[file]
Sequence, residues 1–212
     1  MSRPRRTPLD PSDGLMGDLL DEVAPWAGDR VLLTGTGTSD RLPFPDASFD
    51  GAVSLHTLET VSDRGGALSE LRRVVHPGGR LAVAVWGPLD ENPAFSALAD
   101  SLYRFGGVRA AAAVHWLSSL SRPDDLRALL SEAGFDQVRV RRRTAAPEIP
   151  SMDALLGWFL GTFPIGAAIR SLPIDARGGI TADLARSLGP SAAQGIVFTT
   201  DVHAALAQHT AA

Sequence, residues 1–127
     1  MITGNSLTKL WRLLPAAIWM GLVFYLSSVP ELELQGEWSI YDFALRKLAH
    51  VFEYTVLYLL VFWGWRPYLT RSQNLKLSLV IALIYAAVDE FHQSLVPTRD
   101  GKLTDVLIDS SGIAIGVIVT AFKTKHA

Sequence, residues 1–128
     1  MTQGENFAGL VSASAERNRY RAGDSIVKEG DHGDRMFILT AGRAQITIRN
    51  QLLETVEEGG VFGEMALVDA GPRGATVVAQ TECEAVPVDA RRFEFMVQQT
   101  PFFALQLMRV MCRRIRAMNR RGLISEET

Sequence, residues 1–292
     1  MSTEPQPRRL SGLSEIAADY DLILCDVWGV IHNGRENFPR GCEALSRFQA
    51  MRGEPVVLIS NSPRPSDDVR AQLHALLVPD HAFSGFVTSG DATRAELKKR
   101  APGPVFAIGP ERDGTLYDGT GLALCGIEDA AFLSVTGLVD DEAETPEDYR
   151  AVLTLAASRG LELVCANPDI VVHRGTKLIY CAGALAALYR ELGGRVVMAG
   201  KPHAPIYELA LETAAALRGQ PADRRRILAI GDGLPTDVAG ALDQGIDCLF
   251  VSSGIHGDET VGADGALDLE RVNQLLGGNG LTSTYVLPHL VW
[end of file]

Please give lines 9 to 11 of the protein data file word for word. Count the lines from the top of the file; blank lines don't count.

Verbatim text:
    51  VFEYTVLYLL VFWGWRPYLT RSQNLKLSLV IALIYAAVDE FHQSLVPTRD
   101  GKLTDVLIDS SGIAIGVIVT AFKTKHA

Sequence, residues 1–128